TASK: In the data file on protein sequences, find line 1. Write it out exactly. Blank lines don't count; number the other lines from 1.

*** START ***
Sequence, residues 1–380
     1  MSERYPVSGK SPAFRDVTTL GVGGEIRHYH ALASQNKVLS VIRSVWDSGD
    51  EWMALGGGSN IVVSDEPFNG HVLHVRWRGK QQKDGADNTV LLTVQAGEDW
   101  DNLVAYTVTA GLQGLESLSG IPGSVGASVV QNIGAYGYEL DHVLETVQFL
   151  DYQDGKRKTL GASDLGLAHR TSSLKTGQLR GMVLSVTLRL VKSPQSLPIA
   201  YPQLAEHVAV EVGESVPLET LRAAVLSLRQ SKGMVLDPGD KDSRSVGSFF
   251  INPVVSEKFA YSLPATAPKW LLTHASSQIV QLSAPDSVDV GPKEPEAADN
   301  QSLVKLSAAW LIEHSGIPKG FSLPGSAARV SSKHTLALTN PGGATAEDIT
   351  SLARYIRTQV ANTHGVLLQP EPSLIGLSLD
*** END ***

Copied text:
Sequence, residues 1–380